I teach grammar every day. I have two-year-old twins stumbling their way into the English language, and a dyslexic Montanan husband who swears that in the West, that's just how people talk: "had went" is as good as "had gone."
I'm also an editor and a journalism professor, and I spend a fair bit of time trying to puzzle out how to teach college students to write. The question that devils my teaching colleagues and me is this: If you don't know grammar by the time you're 18, can you ever learn it well enough to be a professional writer? Beats the heck out of me.
At my college, students are required to take a remedial grammar course--that's a lousy word, remedial, but it's the truest I can come up with--and for many, it's a painful experience. In the worst cases, students don't want to take the class in the first place, they have grammar stage fright once they're in class and they come out of the class having memorized just enough to pass some quizzes and a final. End of grammar acquisition.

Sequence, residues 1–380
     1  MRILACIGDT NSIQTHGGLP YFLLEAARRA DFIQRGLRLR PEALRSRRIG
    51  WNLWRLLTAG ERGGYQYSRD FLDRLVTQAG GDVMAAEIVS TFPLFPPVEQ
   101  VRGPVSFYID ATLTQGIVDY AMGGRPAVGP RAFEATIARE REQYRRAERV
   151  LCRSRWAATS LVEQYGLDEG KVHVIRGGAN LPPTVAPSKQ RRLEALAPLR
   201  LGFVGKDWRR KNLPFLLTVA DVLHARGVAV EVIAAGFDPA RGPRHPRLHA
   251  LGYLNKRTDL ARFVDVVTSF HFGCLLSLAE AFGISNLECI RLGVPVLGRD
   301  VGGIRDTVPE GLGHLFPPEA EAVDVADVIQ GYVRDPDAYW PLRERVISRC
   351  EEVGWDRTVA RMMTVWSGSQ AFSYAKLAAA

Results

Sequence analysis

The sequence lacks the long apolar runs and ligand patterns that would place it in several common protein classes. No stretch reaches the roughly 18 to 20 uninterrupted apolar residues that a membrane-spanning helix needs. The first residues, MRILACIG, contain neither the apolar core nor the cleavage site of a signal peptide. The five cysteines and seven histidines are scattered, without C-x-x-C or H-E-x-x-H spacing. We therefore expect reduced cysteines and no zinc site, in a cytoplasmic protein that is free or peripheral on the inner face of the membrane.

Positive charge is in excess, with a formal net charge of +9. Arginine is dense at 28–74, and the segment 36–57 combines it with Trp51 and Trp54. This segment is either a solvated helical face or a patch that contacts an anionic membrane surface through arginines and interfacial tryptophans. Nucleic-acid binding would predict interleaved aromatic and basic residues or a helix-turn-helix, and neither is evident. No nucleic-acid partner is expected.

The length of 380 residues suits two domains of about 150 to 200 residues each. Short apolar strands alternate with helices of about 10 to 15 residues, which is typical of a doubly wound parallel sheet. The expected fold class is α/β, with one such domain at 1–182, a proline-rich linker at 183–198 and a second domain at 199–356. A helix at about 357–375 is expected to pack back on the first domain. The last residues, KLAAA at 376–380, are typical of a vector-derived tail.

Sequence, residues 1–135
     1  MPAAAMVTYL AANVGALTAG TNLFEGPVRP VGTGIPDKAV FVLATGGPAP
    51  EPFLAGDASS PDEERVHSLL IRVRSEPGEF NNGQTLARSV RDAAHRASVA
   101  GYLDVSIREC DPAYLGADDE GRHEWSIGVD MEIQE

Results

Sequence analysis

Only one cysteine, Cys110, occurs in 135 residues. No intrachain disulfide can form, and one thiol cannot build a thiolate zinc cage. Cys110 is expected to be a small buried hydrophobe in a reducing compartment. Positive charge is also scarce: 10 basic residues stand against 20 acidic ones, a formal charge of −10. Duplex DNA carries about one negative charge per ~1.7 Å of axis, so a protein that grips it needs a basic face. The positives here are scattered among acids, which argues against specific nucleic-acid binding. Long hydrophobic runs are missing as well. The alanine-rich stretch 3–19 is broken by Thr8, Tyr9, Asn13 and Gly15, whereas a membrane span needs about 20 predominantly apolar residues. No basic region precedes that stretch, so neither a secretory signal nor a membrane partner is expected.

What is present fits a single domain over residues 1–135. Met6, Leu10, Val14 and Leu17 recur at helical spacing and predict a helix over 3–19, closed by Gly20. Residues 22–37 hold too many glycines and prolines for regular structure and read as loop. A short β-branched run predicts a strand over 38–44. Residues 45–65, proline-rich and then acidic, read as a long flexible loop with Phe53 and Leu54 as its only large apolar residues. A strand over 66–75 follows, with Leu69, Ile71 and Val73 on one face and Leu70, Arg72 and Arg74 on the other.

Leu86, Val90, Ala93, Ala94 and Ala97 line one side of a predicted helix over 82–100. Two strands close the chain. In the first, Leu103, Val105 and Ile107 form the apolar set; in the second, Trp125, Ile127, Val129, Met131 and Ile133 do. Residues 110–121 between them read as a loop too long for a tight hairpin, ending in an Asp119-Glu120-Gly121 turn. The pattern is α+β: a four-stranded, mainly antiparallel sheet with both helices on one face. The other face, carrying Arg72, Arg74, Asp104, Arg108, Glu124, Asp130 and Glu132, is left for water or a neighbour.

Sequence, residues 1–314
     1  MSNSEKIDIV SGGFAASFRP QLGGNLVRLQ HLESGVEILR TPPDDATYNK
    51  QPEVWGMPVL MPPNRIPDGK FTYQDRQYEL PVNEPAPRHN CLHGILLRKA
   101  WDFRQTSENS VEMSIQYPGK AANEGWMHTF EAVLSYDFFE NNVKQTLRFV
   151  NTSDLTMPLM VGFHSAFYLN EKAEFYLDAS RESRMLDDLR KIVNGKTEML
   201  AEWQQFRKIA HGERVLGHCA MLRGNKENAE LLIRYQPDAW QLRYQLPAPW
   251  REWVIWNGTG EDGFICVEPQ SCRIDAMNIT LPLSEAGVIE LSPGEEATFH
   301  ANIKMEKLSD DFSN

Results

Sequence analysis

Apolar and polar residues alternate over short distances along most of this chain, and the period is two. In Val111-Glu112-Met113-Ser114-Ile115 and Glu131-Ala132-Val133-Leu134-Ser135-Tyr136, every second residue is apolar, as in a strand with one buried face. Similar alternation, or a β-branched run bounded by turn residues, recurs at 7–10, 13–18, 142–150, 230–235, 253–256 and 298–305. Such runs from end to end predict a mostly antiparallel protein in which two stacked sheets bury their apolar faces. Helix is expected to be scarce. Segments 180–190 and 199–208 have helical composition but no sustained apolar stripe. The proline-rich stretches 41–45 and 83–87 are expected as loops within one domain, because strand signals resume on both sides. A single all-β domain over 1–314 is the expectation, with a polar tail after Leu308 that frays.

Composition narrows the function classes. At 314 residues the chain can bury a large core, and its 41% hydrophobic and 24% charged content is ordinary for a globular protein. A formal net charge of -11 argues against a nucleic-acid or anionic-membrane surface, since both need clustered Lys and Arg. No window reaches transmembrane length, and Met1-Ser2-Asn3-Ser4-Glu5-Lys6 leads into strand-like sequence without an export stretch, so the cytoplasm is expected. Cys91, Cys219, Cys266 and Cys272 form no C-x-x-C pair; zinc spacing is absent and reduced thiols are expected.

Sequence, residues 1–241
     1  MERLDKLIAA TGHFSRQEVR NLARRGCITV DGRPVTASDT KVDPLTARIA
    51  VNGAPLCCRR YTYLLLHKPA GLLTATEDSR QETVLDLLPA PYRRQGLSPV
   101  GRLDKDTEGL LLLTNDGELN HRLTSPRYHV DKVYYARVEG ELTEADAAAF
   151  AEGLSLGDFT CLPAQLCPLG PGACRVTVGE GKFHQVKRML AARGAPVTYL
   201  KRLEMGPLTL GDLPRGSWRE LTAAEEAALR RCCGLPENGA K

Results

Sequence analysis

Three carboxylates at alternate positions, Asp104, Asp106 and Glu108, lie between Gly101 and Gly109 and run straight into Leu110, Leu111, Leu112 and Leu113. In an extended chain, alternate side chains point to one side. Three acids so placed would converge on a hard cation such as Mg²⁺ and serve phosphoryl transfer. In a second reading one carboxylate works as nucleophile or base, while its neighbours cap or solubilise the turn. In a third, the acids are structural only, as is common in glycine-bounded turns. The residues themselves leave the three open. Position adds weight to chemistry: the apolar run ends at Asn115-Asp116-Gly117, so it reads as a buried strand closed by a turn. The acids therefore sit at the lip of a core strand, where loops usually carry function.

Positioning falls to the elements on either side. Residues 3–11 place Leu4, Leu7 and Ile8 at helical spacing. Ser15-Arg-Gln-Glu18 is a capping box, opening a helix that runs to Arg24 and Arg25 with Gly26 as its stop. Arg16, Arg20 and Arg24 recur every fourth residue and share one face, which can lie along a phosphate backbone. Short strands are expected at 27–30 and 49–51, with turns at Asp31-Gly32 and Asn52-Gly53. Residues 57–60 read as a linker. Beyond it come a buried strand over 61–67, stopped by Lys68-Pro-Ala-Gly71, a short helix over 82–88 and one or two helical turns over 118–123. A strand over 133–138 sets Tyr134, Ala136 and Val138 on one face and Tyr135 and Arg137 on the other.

Gerald Grow, one of the leaders in journalism/mass communications higher ed, wrote the best academic piece I've come across, where he wades into sensitive issues, regarding the intersections of language, race, culture and personal motivation. Here's a link to the article: http://www.longleaf.net/ggrow/
And while we're on the topic of unsatisfied college students, here's my favorite RateMyProfessor review:
I couldnt stand this woman. She thinks way too highly of herself, and she was not funny! I didnt learn anything new i didnt know from 3rd grade phonix class. I would not reccommend her. (grammar student, 2005)
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